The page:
Long white beaches, crystal clear waters and a stirring drum beat that echos from bar to bar. The party island. With my best girlie in hand, together we were ready to take on the island. Checking into your classic party hostel, where beers were being served to hungover travellers for breakfast! By day enjoying the many beautiful beaches, getting our tan on, sampling one to many beachside cocktails, making our way to Spiderhouse for sunset as come night Boracay had different plans for us.  The night would bring The jungle boys. 15 Filipino Rastas drumming to the night, howling down the moon. Jumping the fire. Chests bare, hair swinging they’re primal beats filled the air as we were sired in to dance. Learning more about the island drum circle we discovered one of them, from New York, was in fact the lead drummer of Santa and part of the New York 72nd circle, but left for love of the island! Later I would try my luck at drumming only to wake up the next day with swollen bruised hands- oops! 

El Nido/ Paradise on earth

A horizon of sparkling deep blues and greens sit beyond us. Crystal clear waters wash upon the powdered white sand. On either  side shadows the valleys of lagoons, heavy, dark rocks, with their imposing weight framing the tropical pallete upon us.

Digging our toes into the sand and sipping on a fresh coconut and rum, surely this had to be paradise. Natural beauty. Completely untouched, a breathtaking force of scale and power. Serine. It makes you think what the hell we did to the rest of the world, how could you destroy this- pollute it, cut it down!  From private islands you can hire for dinner for two, to my favourite floating rum bar, or the tower catherdral caves and shallows of nemo styls fish, this was incredible. To top it off we stubbled across the beautiful Bird’s Nest. Set up by honeymooners Mark and Camilla, they had created a glamping spot just off the beach in the hills looking out to the ocean. Decor that you wish was your house, great playlists, the perfect book collection, homebaked treats in the afternoon and delicious large bottle of red for sunset, what more could a gal ask for!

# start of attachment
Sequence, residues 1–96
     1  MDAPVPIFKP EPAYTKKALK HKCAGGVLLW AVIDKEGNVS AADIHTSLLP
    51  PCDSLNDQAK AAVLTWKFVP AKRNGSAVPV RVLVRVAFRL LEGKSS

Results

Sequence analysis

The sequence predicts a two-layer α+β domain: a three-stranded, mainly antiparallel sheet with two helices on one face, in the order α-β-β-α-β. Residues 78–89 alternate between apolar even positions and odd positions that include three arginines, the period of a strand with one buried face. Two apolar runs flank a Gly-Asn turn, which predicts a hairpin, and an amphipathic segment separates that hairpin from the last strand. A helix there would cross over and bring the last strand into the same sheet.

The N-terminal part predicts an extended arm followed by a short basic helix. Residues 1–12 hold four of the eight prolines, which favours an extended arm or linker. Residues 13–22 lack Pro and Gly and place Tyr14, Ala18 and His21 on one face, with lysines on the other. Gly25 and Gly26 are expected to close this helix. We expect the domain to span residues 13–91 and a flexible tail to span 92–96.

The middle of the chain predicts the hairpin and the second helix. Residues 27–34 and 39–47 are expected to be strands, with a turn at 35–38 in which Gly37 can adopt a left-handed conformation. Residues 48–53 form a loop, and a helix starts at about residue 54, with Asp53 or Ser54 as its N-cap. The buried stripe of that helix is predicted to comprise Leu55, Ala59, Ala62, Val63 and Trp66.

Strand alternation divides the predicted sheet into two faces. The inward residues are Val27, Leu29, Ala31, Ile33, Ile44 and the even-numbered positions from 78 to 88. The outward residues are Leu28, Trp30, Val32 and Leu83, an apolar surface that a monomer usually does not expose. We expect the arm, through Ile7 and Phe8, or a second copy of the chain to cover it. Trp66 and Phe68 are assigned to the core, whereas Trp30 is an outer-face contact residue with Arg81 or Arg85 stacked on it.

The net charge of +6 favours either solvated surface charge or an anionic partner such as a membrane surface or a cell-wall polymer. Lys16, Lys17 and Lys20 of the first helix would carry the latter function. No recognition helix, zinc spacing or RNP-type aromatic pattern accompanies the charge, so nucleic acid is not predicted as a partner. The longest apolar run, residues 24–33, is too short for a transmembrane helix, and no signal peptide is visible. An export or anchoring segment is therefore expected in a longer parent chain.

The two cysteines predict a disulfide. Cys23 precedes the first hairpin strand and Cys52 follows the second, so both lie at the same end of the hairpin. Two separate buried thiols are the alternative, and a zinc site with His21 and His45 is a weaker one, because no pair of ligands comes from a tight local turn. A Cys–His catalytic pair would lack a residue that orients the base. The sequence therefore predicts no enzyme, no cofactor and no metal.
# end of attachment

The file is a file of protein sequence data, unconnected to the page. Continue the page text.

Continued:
Manila/ Wacky races

Its hot, sticky, noise in every direction. Street food vendors calling out at you, the whiff of fried chicken and BBQ meat. Tightly compact buildings and a skyline of towers in the distance. Manila was familiar to many other Asian cities I had previously explored. Only this time it was like real life had been inter cut with a comic strip. A brush tainting reality. Bright pops of primary colours filled the streets, as 1/3 men passing you by rocked a basketball jersey. Big trucks, scattered everywhere where tricycles. Colourful geometric- transformer like boxed shaped vechiles, powered by a bike. Each one rocking its own cartoon like slogan; ‘thunderbird’ or ‘princess leia’ Even the bikes looked like the belonged to power ranges! With their sharp angular shapes and vivid paint jobs. Nothing about the public transport here was either subtle or formal! 

As the traffic whizzes by it was like looking at a scene from wacky races- the cars, vans and tricycles in all their shapes and sizes, waiting for the lights, revving ready to take off. 

Amongst the madness, Manila holds its own quirks- with loud brash kareoke, obscure cafes such as the random Harry Potter cauldron cafe or cockerel fighting, which I made a swerve for! 

Coron / Only mermaids


My teeth clenched hard, tense, aware I was breathing but certain I may stop. Heavy deep breaths, telling myself to relax, then in pours a rush of cold salty water to my eyes, up my nose. Ok…just breathe, hold your googles, head back, blow your nose. Ok my googles weren’t quite free from water yet. I think it was fair to say Jade and I hadn’t quite mastered our diving training. The next 15 mins were spent half choking and spitting salt water, the other half offering moral support looking back into each other’s eyes, counting down our next emergency practice.  Our instructor came back to test us and gave us the thumbs up- we were mermaid ready! Channeling my inner Ariel, we kicked our way down to the deep blue oceans. 

Coron is all about the world that lays beneath the water- numerous sunken shipwreck and coral reefs. As we kicked we got closer to the Irko wreck. The long dark matter that sat amongst the many blue tones and small fishes. It’s uneven edges, where it has become part of the sea bed. It’s presence known to all around, as we swam around it. 

I felt like part of the documentary team exploring the titanic, as our instructor pulled us through the open door into the wreckage. Immediately your sense of gravity disappears. The boat on a 45degree, we swam through the archways, exploring each room no longer sure which way was up and which was down. Darkness pours into the room, we stay close as we make our way to the exit, a void of dark blue. Nothing to distinguish your location. You did not want to get lost down here, in that moment it was easy to see how one can feel trapped in a mass is space.  Before pondering too long on such a thought, we would move to the corals. A beautiful array of colours; schools of fishes, the spikes of sea urchins and slowing moving organisms, one minute closed the next an array of colours. A whole new world for sure!